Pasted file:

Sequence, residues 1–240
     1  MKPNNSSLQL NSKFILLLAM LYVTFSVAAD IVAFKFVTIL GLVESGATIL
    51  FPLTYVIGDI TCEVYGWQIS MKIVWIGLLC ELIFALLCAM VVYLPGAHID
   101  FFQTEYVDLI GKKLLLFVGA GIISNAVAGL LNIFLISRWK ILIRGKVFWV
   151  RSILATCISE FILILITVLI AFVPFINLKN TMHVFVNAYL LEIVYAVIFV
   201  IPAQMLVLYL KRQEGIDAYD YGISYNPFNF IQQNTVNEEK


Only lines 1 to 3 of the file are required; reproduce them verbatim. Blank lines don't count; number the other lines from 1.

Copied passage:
Sequence, residues 1–240
     1  MKPNNSSLQL NSKFILLLAM LYVTFSVAAD IVAFKFVTIL GLVESGATIL
    51  FPLTYVIGDI TCEVYGWQIS MKIVWIGLLC ELIFALLCAM VVYLPGAHID